a Pecan Shell
Located in the northwestern section of Galveston
County along State Highway 3, the city of Dickinson lies 19 miles
northwest of Galveston
and and 28 miles southeast of Houston.
It was named after John Dickinson, one of Stephen
F. Austin's Old Three Hundred. In 1824, he purchased a land grant
from Mexico and moved to an area north of current-day Dickinson. Around
1850, Dickinson Bayou became the site for the first settlement.
The railroad eventually made its way to the town in a quest to link
Henderson to Galveston.
In 1859, a depot was built on the property once owned by John Dickinson
for the purpose of serving the Galveston, Houston, and Henderson Railroad.
Because of its location, everyone called the building Dickinson Station
and the area it served by the same name. This practice continued,
despite efforts to use other names in refering to the region.
During the Civil War, the Nolan Home of Dickinson served as a hospital
for the Confederacy. General John B. Magruder traveled through the
region using the GH&H Railroad to move troops in preparation for the
defense of Galveston Bay. The resulting success of the campaign in
1863 meant that the Texas coast would remain in Confederate hands
for the rest of the war. Not much happened in Dickinson after the
state rejoined the Union until 1890, when a post office opened its
doors to the public.
Sometime during the 1890s, Fred M. Nichols, the son of prominent railroad
director Ebenezer B. Nichols, met with eight businessmen and formed
the Dickinson Land and Improvement Association. The founders wanted
to use the organization as a way to market unused land in the region.
To appeal to farmers, they emphasized the land's rich soil. For the
middle and upper classes, they took a different approach. Ebenezer
Nichols converted forty acres of his summer estate on Dickinson Bayou
into a public park. Called the Dickinson Picnic Grounds, it was used
for public gatherings and holiday celebrations.
In 1900, a large number of Sicilians were forced out of their homes
in Bryan by a series of massive floods. Clemente Nicolini, the Italian
consul stationed in Galveston,
helped them find refuge in Dickinson and other parts of Galveston
County. That same year, the railroad depot burned to the ground,
later to be replace by a new one.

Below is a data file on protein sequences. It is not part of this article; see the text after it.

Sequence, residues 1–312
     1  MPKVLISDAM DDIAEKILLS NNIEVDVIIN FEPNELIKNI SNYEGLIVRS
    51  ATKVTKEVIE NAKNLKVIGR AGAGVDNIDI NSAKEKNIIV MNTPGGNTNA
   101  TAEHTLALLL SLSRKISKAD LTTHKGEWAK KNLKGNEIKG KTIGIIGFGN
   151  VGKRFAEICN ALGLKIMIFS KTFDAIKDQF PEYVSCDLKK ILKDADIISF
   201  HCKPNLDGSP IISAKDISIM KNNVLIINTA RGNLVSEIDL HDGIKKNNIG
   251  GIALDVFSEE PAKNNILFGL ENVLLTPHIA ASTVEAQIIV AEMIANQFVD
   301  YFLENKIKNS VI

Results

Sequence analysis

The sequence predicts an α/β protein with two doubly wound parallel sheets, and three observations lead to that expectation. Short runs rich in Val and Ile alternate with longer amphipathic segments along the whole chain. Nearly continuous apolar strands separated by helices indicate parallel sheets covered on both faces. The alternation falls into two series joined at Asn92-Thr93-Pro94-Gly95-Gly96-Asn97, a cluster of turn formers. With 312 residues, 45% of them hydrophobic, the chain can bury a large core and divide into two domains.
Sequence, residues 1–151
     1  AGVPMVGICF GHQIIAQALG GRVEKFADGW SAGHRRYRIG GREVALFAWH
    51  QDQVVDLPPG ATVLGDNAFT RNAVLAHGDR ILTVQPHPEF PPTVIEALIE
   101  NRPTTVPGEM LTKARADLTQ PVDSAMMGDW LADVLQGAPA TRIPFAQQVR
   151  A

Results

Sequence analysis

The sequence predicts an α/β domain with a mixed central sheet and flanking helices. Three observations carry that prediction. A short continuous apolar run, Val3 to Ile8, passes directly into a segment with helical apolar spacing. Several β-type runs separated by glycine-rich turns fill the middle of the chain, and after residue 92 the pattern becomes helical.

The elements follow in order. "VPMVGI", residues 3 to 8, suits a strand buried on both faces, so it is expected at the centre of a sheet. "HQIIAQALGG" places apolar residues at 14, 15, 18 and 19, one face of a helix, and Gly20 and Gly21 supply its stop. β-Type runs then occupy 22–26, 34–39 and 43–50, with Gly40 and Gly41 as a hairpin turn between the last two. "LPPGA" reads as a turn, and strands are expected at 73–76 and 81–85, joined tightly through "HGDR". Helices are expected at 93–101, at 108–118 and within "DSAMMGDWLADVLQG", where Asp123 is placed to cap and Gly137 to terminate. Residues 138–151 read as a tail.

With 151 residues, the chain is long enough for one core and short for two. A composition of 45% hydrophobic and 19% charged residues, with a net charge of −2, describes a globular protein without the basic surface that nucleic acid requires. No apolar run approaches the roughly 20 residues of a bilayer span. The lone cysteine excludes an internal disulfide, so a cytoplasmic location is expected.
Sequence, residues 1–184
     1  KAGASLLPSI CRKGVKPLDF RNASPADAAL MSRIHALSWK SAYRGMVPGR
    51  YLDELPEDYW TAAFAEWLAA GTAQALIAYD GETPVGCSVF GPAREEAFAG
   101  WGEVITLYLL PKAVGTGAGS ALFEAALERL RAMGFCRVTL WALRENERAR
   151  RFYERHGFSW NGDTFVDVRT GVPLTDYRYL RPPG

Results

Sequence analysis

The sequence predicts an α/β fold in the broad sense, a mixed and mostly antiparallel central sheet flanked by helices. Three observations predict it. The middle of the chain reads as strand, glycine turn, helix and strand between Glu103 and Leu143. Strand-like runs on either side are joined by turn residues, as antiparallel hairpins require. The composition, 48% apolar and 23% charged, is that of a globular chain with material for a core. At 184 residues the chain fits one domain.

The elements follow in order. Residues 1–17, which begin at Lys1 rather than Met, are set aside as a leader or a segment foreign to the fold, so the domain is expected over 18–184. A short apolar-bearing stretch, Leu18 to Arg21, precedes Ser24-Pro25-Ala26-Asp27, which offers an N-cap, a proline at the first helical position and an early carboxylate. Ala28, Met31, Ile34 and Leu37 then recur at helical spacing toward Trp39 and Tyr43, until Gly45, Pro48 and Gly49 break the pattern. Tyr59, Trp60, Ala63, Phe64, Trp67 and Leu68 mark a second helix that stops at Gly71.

In 1905, Italian ambassador Baron Mayor des Planches was traveling
through Texas, hoping to find a place for 150 immigrants who had arrived
from Eastern Italy. The warm welcome he received from the Sicilians
of Dickinson convinced him that the town was the perfect spot for
the new arrivals.
Industrialization. the oil business of Houston,
and the shipyards of Texas City
contributed to Dickinson's growth. Tourism and gambling also played
a part, thanks to the efforts of the Maceo Crime Family. Salvatore
"Sam" Maceo wa a mobster who had gained control of Galveston's
underbelly by the 1920s. Casinos and resorts emerged throughout the
county. Gambling continued in Dickinson until 1957. Attorney General
Wil Wilson endd all gambling venues in the region that year with the
help of the Texas Rangers.
Dickinson continued growing during the 1960s, thanks to the opening
of the Lyndon B. Johnson Space Center in Clear Lake City. Although
Dickinson had surpassed 12,000 by 1970, it faced the danger of annexation
from its two neighbors Texas City
and League City. To eliminate
this threat, the citizens voted to incorporate the city in 1977.
Dickinson started hosting the Red, White, and Bayou Crawfish Festival
in May 2009, a tradition which would last for ten years. A new town
hall and library opened just one month after the first festival. In
August 2017, Hurricane Harvey flooded ninety percent of the city.
Despite the devastation, the population remained steady and reached
20,881 in 2019.
County 1907 Postal Map
showing Dickinson on the railroad, & Galveston Bay
Courtesy Texas General Land Office
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